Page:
Viva la Art!
By Teun Castelein on July 9, 2011
Dear art colleagues,
Just like you, I have been contemplating the question of how to save the arts in our country for the past few weeks. So I have devised the following strategy. It is not a pretty one, but I seriously believe that it’s our only chance of survival, so please read carefully.We start by directly and completely abolishing ourselves as artists. Next, we retreat to our dusty attics or move into a ghost town in the southern part of Limburg or north east of Groningen. We close all museums, theaters, educational institutes and the lot, and deliberately choose to have a generation -or several generations- growing up without art and culture. The arts -or whatever might be left of it- goes old-fashioned underground, and the 700 million we may still receive from the government is stored in a Swiss bank account.
As a next step we secretly reinvest that money, via a number of shady little investment companies, in popular culture. For example we might become owners of a number of soccer players, start a beer brand, and to top it off, become major shareholders of SBS6 television. Cent by cent we invest in regaining a powerful position at the center of society, which is a much better place to reside at than the present one, and take it from there.
It is important though that we don’t kill off the opportunities that arise by acting too severe and rigid. Sensationalism needs to be avoided at any cost. Take for example a soccer player that starts dancing a choreography by Hans van Manen during a match…It will arouse suspicion. Or imagine SBS6 broadcasting a program on literature on prime time…Not done. Soccer should remain soccer and SBS6 should continue broadcasting their usual crap. The turnaround is a multi-annual plan and must be done in a subtle way. Otherwise everyone will zap away again.
For a successful renaissance at the heart of society I wish to implement several successful concepts of ‘undercover marketing’:
A widely known example of undercover marketing is the sequence with “Drink Coca Cola” which was ‘invisibly’ edited into feature movies. People didn’t consciously notice the appeal of the soft drink mogul -it was only visible for a fraction of a second- but unconsciously they chose the drink more often during the break. Here I do see opportunities for us to give unconscious quality impulses with resulting consequences through our purchased mass mediated television station. Imagine a mass of viewers getting an urge to sculpt, paint or follow modern dance lessons after watching ‘Hart van Nederland’. Another successful example of undercover marketing is the promotion of the cigarette. By having celebrities like James Dean and Marilyn Monroe exhaling nicotine a trend was set. Wouldn’t it be great if soccer star Wesley Sneijder would consistently quote Nietzsche after every game: “I’m not a man, I’m dynamite.” As a consequence his fans start reading the works of Nietzsche and banners of Nietzsche would decorate the stadium.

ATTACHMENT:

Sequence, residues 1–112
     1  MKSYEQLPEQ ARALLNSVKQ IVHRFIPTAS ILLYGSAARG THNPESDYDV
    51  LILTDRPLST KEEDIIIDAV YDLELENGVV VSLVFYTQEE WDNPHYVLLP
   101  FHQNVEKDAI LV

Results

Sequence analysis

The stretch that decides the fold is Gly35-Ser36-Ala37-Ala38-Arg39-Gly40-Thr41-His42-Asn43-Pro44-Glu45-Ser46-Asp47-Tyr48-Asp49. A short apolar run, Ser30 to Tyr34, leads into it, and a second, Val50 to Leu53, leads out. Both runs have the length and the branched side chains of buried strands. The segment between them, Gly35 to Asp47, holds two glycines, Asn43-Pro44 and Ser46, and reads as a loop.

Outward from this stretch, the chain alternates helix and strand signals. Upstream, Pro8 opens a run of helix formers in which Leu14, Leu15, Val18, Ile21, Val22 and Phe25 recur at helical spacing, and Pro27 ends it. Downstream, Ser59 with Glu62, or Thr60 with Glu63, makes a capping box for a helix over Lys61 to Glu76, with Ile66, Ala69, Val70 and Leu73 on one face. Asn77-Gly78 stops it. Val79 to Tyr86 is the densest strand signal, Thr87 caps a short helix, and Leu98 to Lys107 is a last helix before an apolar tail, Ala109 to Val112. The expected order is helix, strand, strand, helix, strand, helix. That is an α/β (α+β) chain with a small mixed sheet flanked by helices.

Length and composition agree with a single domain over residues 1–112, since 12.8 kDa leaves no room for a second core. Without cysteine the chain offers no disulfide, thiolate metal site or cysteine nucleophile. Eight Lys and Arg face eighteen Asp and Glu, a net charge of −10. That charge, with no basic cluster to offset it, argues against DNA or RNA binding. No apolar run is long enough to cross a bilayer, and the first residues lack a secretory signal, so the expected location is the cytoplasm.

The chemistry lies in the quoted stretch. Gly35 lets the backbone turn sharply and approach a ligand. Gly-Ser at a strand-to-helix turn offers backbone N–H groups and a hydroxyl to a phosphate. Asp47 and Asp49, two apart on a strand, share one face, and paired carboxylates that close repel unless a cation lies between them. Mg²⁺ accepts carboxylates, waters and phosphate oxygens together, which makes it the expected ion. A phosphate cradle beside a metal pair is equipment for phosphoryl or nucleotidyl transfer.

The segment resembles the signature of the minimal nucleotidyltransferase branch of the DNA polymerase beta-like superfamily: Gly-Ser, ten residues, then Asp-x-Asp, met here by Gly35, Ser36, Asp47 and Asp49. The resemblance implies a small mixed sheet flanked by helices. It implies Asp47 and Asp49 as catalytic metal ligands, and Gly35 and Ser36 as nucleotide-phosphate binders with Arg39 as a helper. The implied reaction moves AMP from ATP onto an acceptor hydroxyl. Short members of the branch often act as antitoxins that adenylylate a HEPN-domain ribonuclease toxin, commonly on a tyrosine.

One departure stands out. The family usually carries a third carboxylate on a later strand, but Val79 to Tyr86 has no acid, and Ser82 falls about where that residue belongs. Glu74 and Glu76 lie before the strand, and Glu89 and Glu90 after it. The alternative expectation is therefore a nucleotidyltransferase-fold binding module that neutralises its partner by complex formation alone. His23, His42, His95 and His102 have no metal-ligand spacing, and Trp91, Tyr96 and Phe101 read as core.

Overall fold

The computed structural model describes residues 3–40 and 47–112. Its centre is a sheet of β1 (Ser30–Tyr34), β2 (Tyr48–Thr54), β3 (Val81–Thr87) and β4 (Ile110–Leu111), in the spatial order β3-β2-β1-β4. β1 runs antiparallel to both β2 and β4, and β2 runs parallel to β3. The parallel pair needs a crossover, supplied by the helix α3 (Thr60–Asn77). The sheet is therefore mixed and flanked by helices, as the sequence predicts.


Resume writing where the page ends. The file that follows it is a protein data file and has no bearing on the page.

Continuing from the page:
Taking undercover marketing very literally would be creating a product/brand with a hidden agenda. We’d take something as simple as beer, that at first seems just another feelgood beer but slowly reveals a truly beautiful ideology. This ‘all peoples beer’ got to be very cheap and might even be cool looking thanks to a hint to nationalism. When the beer is drunk at every local bar and pub we use the product and its marketing campaign to start communicating our true intent. The beer promotes a better world where brotherhood is still highly valued, and where market mechanisms are considered inferior. Where art, altruism and knowledge are not evil. We begin to organize “demonstrations”, do some “promotional stunts” and come up with a special “action pack”. A Trojan Beer.
That last concept I have already started myself. Me and some friends annulled ourself as artists and are now starting a career as beer brewers/entrepreneurs. In this contemporary utopia of market mechanisms it is simply too ungrateful to still be an artist, so I call upon you: Just stop…for now. Accept the zeitgeist, take the money and sympathize with the enemy. Do like me, or take an example from my former classmate Fleur Agema. Educated at the Art Academy in Utrecht Fleur is now a celebrated PVV politician. Yes, even Fleur Agema is an artist, a conceptual one. You might not immediately recognize the artist inside of her, but you can. Just listen to her political statements in reverse, and you’ll you hear her cry out loud “Viva la Art!”.
One day she’ll seize power as the first female prime minister of the Netherlands. Then we’ll know.
Like me, Fleur has higher goals. We are now underground and/or undercover, but the art will prevail: Viva la Art!
Editors note to readers outside of the Netherlands: this letter is a reaction to the very drastic cutting in the Art budget in the Netherland and the raising of sales tax for artists at the same time. (some information in Eglish about those drastic cuts can be read in this article at Wired magazine). The PVV is a Dutch political party led by Geert Wilders. In the 2010 elections they won a lot of seats in parliament and became the third biggest party and are officially ‘tolerating’ the new Dutch center-right minority government. He has named art a ‘Leftist Hobby’. Halbe Zijlstra is the new State Secretary for Education, Culture and Science who took all those drastic decisions.